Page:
Photo Credit: Ev, Unsplash
How are Toronto’s homeless doing amid COVID-19?
Aloysius Wong, Associate Opinions Editor
Having gone to school in downtown Toronto for most of my childhood, I’ve often been exposed to homelessness in the city. As a result, I’ve grown more attentive to the issue throughout the years, only recognizing the scale of it all as I’ve explored more of the city. The image isn’t a happy one: Fred Victor estimates that over 10,000 people in Toronto are homeless on any given night. In part, the issue is systemic, with Toronto’s lack of affordable or subsidized housing and existing shelters consistently operating at near-full capacity. However, support also has to be individual and holistic, and with higher rates of substance abuse and a variety of mental and physical illnesses in the population, related social and professional services must also be present, making adequate care particularly difficult to achieve.
The issue has only become more pronounced with COVID-19, with more people experiencing and at greater risk for unemployment and eviction. The city continues to respond with plans to provide more beds and respite centres as winter approaches, but the success of their measures thus far is debatable. There have already been 649 cases of and five deaths due to COVID-19 in Toronto shelters as of the end of September. Due to this, some have opted to camp outdoors, feeling that it’s the safer option while also providing them more ready access to various social services.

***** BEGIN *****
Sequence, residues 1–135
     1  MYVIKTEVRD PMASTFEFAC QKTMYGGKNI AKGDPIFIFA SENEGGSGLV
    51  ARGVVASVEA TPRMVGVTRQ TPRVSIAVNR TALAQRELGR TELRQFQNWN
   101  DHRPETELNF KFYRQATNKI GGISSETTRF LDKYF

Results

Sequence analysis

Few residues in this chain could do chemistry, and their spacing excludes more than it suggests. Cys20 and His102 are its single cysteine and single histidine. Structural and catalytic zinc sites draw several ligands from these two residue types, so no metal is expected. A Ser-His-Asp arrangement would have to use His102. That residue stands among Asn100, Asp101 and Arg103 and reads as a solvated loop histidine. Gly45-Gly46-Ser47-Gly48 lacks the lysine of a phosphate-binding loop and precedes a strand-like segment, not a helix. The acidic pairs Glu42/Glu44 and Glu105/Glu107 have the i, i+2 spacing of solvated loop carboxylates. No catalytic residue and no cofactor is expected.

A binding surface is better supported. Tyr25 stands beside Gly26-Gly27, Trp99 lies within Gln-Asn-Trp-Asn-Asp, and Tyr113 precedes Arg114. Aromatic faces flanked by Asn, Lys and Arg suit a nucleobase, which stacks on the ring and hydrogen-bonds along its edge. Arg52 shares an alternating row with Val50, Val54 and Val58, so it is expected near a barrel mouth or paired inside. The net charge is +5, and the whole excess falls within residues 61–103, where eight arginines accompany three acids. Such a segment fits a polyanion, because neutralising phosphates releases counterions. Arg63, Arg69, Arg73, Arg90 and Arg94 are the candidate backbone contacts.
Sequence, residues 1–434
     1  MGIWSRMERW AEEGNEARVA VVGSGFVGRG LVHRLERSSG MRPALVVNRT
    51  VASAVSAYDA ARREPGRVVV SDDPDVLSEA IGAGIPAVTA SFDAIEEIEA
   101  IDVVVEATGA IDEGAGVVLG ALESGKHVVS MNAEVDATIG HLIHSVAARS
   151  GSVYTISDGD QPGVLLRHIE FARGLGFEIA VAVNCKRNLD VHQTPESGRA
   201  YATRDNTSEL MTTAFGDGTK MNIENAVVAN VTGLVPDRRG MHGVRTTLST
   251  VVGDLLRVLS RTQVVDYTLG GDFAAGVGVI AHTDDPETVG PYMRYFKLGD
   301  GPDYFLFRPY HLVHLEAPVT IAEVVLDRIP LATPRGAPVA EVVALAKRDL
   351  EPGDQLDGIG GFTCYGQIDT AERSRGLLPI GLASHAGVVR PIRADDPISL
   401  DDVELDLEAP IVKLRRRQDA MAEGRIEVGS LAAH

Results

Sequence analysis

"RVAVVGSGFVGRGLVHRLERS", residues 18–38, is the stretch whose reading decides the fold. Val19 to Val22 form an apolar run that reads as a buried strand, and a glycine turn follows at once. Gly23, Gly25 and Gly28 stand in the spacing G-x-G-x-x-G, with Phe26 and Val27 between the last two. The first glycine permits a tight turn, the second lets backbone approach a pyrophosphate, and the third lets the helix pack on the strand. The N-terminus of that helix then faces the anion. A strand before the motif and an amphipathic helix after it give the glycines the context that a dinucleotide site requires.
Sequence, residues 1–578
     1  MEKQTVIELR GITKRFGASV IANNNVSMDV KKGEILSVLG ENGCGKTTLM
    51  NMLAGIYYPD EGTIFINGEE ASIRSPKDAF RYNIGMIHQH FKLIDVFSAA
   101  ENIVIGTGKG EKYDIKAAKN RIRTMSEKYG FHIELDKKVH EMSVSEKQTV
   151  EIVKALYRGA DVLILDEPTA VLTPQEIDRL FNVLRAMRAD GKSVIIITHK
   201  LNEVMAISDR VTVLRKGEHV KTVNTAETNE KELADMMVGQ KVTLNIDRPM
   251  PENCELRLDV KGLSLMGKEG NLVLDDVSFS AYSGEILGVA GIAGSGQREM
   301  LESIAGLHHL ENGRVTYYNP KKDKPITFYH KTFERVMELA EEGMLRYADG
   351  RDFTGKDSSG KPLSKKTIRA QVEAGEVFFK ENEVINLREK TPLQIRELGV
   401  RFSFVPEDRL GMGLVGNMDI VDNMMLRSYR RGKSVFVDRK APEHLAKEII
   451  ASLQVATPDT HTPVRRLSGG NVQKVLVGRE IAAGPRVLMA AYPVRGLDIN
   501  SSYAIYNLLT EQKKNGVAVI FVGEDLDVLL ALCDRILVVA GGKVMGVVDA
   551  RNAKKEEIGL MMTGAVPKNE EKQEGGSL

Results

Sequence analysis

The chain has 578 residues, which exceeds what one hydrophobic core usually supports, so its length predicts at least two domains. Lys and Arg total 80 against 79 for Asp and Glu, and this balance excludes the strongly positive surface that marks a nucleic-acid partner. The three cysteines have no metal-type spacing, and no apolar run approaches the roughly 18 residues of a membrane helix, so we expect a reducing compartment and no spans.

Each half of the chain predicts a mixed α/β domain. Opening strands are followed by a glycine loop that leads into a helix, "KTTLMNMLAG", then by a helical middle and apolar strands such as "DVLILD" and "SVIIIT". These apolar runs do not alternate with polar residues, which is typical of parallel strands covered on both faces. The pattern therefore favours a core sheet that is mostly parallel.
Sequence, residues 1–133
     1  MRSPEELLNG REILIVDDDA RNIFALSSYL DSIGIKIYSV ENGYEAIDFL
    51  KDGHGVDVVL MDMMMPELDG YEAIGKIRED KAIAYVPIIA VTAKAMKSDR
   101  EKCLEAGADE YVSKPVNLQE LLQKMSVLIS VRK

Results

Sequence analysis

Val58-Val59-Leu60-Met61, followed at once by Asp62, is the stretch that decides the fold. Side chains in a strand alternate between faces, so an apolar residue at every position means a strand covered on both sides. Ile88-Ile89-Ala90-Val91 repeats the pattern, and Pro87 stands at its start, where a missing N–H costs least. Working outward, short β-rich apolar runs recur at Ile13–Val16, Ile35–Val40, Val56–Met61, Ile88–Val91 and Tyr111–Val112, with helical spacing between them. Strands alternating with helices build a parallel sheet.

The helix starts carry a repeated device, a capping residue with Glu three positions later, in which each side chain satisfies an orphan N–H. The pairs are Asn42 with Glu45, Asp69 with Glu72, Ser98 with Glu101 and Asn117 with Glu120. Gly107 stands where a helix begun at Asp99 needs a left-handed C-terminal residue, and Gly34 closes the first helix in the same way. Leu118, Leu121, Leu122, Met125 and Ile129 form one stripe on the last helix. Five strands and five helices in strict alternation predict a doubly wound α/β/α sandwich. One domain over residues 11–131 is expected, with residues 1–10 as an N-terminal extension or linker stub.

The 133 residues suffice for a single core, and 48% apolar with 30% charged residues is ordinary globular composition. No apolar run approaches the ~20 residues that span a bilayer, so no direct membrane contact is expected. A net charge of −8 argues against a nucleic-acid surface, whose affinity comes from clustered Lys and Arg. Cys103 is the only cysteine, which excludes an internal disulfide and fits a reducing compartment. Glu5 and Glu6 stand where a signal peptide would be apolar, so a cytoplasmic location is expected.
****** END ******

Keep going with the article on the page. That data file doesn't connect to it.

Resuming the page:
Moreover, finding and executing solutions to care for the homeless has a tendency of provoking some measure of public backlash. For example, citing concerns around public safety and protecting vulnerable populations of nearby elementary school students, community members have created petitions opposing a proposed shelter in New Toronto and the recent conversion of the Bond Place Hotel into a temporary shelter, garnering hundreds of signatures each. The requests raise legitimate concerns and appear to be reasonable and well-intentioned, but they do raise the question: if not there, then where? Unsurprisingly, it seems to be easier to support the homeless when it doesn’t impact you or your immediate community. And in a city that’s becoming denser and more expensive, the options for “ideal” locations to house the homeless seem to become fewer and fewer.
Like most social issues, there are no easy solutions to addressing homelessness. However, while there is no silver bullet, it is important to continue to support organizations like Covenant House and Fred Victor, and maintain pressure on governments to increase and better fund support systems. At the very least, we can each choose to not look away the next time we encounter a homeless person and do our best to treat them with the human decency they deserve.